We arrived at The Inverary Resort in Baddeck, Nova Scotia on Cape Breton Island for a 5 night stay. The Inverary Resort is located on the shores of the Bras d'Or Lake (an almost-landlocked inlet of the sea) making it ideally suited for families that want to engage in any number of water sports. The resort offers a variety of accommodations that are suitable for families. We chose a 2 Bedroom Suite that was located on the third floor of the Argyle building. The suite had a small kitchenette and a lovely sitting area located between the two bedrooms which allowed us to get the kids to bed and still watch tv or read in the evening. We thoroughly enjoyed our stay at The Inverary and would definitely return.
The Inverary has a boardwalk along the lakefront and there are a number of water sports available. We had a lot of fun kayaking and cruising in the pedal boats. Katie and Emma (and many of the other kids who were staying at the resort) also spent a great deal of time with nets on the boardwalk catching crabs and then releasing them back into the lake. The staff even organized crab races with each child cheering on the crab that they had caught. A very simple activity that provided endless amusement for all the kids.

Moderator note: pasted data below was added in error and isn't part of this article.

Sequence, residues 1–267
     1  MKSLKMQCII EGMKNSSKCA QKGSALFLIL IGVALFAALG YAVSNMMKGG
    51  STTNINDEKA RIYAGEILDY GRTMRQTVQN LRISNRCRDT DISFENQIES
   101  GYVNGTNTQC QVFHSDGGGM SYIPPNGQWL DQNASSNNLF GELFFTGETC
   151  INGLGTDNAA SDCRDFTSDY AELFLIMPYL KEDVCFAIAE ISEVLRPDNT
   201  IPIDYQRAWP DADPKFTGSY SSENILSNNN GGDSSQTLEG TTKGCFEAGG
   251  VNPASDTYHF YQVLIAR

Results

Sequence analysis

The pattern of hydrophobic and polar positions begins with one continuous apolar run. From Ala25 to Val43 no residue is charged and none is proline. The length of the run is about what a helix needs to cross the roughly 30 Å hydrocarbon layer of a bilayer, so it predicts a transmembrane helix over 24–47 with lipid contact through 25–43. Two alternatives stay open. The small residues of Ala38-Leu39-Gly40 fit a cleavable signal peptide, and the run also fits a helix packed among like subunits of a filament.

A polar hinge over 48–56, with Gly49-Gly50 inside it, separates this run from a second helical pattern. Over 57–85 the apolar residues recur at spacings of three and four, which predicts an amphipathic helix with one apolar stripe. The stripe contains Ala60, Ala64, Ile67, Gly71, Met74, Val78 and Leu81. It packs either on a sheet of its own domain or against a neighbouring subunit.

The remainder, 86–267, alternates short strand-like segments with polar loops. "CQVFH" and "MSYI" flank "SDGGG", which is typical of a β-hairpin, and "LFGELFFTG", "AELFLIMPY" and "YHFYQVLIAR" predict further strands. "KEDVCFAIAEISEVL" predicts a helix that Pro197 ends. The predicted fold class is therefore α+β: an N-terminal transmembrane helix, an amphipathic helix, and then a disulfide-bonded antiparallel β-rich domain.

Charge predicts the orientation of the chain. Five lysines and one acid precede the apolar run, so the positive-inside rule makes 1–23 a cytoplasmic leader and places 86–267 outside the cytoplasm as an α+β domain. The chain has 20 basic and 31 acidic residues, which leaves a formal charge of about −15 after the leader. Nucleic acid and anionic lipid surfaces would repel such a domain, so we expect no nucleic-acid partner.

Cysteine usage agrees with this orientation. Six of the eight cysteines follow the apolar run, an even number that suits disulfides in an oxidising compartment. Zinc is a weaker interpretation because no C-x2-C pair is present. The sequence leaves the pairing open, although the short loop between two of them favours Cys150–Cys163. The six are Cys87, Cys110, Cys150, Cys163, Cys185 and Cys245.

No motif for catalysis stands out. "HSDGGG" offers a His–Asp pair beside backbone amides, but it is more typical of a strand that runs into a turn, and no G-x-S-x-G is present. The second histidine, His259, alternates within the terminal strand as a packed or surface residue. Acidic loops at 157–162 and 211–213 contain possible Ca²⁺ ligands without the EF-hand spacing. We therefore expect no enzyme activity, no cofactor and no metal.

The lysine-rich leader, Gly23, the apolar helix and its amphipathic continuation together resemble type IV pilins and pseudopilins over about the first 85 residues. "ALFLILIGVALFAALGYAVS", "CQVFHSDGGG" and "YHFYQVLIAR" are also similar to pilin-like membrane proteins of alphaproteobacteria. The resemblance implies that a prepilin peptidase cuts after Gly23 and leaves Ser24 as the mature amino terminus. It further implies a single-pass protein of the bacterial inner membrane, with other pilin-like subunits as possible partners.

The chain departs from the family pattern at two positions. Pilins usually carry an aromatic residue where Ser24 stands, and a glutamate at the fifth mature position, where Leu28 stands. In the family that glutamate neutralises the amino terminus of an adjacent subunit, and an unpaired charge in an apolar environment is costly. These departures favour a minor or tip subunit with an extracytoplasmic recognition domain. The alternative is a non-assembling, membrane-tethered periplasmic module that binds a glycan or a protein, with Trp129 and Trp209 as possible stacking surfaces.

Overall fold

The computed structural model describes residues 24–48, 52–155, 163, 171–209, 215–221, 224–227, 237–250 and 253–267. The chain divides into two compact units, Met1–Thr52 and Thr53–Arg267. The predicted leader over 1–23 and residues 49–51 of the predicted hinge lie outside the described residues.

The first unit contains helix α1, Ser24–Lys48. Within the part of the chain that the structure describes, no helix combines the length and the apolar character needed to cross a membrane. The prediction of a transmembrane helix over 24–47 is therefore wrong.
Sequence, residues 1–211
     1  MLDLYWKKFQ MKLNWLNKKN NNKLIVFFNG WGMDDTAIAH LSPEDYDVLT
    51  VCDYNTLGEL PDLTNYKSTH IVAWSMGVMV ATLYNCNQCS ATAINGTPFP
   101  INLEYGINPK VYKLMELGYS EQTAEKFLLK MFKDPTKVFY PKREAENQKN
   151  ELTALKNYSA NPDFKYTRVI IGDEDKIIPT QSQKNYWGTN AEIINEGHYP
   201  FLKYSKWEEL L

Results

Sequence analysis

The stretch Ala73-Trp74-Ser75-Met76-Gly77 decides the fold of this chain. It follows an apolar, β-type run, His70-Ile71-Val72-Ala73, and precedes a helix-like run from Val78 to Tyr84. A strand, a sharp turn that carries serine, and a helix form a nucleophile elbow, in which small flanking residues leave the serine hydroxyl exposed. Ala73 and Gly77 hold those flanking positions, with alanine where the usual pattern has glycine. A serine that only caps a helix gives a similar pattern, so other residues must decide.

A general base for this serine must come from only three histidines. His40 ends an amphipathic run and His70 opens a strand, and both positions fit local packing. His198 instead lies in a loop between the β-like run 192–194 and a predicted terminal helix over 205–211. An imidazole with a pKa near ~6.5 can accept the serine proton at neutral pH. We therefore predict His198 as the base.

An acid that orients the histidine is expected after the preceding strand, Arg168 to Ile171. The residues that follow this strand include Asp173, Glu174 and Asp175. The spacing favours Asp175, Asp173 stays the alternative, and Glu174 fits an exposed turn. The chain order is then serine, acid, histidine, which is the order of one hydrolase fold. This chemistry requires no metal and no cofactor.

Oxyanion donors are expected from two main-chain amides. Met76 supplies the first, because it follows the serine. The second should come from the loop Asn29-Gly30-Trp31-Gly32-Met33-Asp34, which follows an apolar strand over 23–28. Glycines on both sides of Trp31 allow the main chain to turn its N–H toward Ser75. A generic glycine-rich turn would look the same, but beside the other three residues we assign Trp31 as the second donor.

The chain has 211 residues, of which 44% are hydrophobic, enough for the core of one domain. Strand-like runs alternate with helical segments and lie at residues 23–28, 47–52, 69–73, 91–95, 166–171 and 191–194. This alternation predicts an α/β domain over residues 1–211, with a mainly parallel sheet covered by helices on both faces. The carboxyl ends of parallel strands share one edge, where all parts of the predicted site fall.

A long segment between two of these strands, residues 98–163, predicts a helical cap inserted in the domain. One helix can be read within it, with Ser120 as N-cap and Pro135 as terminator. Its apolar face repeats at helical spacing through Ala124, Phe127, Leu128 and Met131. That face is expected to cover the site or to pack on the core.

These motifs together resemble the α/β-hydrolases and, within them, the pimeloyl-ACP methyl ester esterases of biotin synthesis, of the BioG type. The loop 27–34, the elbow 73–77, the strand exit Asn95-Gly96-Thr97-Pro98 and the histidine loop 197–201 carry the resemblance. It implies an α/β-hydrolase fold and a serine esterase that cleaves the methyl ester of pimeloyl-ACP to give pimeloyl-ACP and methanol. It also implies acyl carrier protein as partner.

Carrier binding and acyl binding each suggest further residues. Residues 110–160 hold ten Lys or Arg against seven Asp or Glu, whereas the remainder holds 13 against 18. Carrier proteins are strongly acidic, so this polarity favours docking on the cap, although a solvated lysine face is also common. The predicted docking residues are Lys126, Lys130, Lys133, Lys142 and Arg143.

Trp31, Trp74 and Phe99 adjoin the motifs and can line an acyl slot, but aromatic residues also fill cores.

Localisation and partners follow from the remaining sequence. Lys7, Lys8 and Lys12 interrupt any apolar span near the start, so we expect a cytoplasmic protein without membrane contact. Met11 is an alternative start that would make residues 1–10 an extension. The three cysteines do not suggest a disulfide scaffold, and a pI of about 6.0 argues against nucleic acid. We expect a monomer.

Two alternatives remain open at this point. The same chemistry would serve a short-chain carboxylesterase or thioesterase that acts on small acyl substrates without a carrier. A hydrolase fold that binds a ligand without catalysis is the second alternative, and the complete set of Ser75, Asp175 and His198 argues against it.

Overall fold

We visited the Alexander Graham Bell National Historic Site on Chebucto Street in Baddeck. There are a number of exhibits in the museum relating to Bell's many achievements including the invention of the telephone. There are also many hands-on activities which were quite popular with the kids.